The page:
What is Belief?
It is a simple question without a simple answer: What is belief?
We think we know what it means - something along the lines of
"Something one accepts as true or real; a firmly held opinion
or conviction." Actually I took that straight from a dictionary,
but that's about what we think when we talk about belief.
The problem is that in practice we do not always mean the
same thing when we say "I believe..." about various
propositions. For example, we do not really feel the same way
about morality concepts when compared to how we think about gravity.
This is clearly evident in how easily we stray from what we consider
"moral" beliefs, while we almost never stand at the
edge of a building or cliff and step off because we "might
get away with it this once."
It seems apparent to me that what we so casually call beliefs
are really a matter of varying degrees of strength of conviction.
Interestingly, the stated beliefs that are said to be most important
to people do not often pass the test of action. In other words,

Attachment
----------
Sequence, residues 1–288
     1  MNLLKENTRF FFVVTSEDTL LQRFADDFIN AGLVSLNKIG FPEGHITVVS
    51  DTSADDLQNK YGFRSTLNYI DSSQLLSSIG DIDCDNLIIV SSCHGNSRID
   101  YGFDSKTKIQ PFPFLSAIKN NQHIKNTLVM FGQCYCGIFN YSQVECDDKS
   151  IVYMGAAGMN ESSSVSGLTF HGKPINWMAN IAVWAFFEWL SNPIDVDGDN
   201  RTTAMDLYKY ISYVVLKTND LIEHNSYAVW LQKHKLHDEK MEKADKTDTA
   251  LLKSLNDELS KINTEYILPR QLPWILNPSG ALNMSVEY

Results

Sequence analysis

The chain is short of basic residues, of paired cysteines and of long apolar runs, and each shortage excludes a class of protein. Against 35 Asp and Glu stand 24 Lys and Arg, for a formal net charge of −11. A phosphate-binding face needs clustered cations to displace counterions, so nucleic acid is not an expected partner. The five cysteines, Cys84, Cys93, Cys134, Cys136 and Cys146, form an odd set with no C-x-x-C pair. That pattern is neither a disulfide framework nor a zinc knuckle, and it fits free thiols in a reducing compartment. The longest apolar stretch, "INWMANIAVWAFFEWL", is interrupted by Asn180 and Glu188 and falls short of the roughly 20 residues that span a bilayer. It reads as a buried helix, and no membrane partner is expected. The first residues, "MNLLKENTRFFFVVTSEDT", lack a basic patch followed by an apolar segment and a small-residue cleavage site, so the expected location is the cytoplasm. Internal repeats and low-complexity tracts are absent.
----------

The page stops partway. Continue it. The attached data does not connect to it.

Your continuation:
we act according to what we believe most strongly and innately
at a subconscious level, not according to what our conscious
ideologies suggest we should act upon.
Do you believe that honesty is the best policy? It is doubtful
that anyone can follow that belief with action as consistently
as the we might act on the belief that lions are dangerous and
rocks are hard. In practice we find a natural believing that
arises from observation, experience and personal science (which
is the process of using the first two to understand the world).
The beliefs that come to us in this way are far more significant
and motivating than religious or ideological belief.
That may be a sad conclusion to some, but not to me. I see
this natural belief as an antidote to the kind of belief that
seeks to defend itself from any change or any challenge from
reality. Many beliefs are held tight to even in the face of experience
and truth that should demolish them (or at least cause us to
But without going deeper into distinction of "natural"
versus "ideological" belief, I want to answer the question
of what is belief with a new idea: Why not adapt our language
to the reality of varying degrees of conviction. Instead of saying
"I believe..." we might say "I believe1"
or I believe2" with a scale of 1-to-10 that signifies the
degree of conviction - 10 being the highest.
For example, I believe5 that the free market will almost always
do a better job than government for delivering what people really
need and want. I believe10 that the sun rose today, but I only
believe9 that it will rise every morning for the next thousand
Belief is something one accepts as real or true with some
degree of conviction. Expressing that degree makes communication